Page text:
Senin, 20 Februari 2012

Seville Marathon post mortem

As you can see I was 50th in my age group (I would have been 20th if I had been born just two months and a day earlier) and in the top 200 overall out of 5,500. Not bad!

Here you can see how my Marathon times have been improving. To make it a little bit more realistic, I've added in a dotted line to show what my expectations at the time were. The disappointments and surprises have got smaller and my overall time has got faster.

The dotted line is what I was aiming for; the solid line is what I achieved
I didn't go by GPS during the race but it is a reasonably good tool for post race analysis. I've plotted two graphs here: one is of my average heart rate per kilometer (against the theoretical optimum) and the other of my average pace per kilometer. To conserve brain power, I decided to follow a very simple strategy in the race. I ran the first half keeping my pulse as close to 163 bpm as I could and then I tried to maintain the same pace for the second half, knowing that my pulse rate would naturally climb as a result of fatigue. What is interesting to see is that my pace started to go a bit off the boil in the second half and in just the same places where my heart rate was a bit below the theoretical limit. Once I decided to grit my teeth for the final 7 kilometers, my pace started increasing every kilometer as did my heart rate over the theoretical limit.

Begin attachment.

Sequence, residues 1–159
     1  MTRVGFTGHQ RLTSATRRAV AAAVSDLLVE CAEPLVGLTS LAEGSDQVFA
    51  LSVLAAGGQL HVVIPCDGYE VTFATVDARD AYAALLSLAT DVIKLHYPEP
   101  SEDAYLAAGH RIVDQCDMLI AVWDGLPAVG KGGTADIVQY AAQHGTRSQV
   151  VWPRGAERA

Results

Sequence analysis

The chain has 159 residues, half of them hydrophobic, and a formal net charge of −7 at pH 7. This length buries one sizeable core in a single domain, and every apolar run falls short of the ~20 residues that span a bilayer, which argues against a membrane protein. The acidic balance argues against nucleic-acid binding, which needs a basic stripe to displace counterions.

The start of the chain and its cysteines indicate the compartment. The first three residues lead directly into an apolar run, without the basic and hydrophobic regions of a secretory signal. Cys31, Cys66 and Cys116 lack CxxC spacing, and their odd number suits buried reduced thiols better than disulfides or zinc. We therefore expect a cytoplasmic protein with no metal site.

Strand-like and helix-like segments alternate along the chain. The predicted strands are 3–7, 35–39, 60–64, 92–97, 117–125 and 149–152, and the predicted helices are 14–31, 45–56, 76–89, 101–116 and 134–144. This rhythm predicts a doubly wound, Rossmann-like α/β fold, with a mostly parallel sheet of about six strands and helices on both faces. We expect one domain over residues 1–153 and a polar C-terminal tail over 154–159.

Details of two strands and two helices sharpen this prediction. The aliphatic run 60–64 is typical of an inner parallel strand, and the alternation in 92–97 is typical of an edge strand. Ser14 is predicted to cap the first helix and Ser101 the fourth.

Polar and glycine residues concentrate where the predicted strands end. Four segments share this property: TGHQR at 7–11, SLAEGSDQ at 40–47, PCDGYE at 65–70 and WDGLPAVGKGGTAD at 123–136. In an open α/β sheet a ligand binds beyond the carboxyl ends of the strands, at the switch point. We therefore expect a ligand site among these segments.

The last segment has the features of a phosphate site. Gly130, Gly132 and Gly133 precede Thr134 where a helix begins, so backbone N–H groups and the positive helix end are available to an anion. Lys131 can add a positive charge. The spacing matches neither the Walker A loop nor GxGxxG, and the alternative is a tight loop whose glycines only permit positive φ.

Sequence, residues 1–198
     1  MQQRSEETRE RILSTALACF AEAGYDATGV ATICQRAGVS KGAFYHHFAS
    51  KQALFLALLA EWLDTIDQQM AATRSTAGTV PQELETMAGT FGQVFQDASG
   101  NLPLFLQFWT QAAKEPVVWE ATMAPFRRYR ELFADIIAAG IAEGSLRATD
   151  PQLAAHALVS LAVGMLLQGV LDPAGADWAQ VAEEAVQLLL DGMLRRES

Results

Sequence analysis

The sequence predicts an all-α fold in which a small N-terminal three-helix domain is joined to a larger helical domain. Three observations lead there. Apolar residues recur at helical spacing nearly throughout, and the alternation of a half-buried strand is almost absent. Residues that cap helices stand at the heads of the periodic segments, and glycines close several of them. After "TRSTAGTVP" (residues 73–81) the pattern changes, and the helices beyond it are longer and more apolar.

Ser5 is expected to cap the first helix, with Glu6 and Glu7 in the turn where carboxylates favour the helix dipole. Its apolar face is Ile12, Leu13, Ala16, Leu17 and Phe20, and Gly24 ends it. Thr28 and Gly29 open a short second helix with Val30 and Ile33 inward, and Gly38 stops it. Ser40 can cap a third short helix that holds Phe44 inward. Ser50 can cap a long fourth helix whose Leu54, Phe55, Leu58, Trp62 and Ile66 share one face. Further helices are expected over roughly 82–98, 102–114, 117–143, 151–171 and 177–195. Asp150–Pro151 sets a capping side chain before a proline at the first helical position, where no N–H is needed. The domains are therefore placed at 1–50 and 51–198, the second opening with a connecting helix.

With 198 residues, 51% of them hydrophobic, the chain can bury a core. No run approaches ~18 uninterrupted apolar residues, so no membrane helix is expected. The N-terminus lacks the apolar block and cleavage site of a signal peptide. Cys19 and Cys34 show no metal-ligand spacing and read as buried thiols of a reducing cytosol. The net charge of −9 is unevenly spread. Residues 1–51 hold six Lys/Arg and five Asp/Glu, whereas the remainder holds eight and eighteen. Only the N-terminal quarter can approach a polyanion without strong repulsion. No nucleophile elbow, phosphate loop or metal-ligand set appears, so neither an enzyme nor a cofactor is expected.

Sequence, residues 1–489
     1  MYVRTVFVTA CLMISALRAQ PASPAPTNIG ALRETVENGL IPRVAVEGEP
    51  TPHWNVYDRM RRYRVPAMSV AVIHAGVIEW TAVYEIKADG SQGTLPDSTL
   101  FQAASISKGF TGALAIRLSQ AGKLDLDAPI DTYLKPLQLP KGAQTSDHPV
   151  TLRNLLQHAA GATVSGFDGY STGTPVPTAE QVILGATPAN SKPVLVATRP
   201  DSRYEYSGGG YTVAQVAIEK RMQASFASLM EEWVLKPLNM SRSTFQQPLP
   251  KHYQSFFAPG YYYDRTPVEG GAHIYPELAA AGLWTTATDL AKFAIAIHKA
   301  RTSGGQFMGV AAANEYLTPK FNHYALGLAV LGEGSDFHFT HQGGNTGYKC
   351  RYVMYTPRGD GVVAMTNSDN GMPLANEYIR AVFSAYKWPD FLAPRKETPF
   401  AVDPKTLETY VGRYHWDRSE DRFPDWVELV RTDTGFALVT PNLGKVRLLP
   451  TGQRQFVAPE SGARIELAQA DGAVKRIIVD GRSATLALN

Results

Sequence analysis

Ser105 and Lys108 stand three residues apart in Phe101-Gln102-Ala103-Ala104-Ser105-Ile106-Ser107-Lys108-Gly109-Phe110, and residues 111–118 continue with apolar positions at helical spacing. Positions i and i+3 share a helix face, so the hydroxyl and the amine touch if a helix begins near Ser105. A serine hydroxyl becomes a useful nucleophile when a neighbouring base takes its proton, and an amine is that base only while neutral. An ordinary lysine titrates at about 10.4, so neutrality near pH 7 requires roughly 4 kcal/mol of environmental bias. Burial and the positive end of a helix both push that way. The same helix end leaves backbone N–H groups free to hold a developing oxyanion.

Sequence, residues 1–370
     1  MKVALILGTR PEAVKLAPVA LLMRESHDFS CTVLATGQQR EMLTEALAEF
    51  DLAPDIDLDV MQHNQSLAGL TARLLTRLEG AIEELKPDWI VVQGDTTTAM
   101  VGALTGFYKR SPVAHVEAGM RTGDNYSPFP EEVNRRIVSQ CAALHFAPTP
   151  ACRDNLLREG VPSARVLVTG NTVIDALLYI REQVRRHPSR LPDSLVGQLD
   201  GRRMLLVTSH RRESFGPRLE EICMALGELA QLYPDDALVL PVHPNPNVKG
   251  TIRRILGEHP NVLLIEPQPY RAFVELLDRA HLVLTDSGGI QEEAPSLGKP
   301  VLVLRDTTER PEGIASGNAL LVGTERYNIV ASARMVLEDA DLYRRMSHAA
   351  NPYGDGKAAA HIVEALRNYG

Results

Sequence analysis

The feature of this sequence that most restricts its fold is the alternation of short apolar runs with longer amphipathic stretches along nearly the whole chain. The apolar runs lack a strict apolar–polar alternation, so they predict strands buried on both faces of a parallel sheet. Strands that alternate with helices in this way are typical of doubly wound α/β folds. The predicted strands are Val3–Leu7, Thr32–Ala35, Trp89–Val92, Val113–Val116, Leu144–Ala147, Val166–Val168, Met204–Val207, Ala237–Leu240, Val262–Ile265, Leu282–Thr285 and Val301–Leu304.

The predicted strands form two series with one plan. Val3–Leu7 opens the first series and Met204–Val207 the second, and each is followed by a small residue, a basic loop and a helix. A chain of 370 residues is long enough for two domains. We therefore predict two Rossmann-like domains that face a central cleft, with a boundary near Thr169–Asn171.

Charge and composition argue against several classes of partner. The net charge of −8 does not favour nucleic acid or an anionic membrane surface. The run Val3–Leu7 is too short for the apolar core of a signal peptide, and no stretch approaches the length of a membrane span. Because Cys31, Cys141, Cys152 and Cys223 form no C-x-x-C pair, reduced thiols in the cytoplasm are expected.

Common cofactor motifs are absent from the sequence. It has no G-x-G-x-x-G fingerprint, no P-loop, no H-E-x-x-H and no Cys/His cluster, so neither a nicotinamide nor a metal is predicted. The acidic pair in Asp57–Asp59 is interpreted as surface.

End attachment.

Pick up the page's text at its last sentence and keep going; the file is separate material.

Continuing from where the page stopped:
Now this theoretical limit is based on my maximum pulse rate (191) and statistics gathered by my trainer from optimal (personal best) performances of hundreds of runners. Alternatively, you can base the same analysis relative to the anaerobic threshold which, in my case, is at 178 bpm. This paints a different picture as you can see below.

So I think there are two potential sources for a little improvement. The first is to go back to running to my heart rate in the second half of the Marathon, as it is a more reliable (and immediate) guide than pace. The second is that, while I don't know if I could realistically maintain 169 bpm for the first half of the Marathon without paying for it dearly in the second, given the way I finished the race yesterday, the graph above does make it look as though there is some margin to push a bit harder a bit earlier. I can't say that I could have run the last bit of the race much faster but the fact that I held it together and was able to work at that cardiovascular level without any muscular problems gives me the confidence to think about "starting the race" earlier than 7 kilometers before the end.

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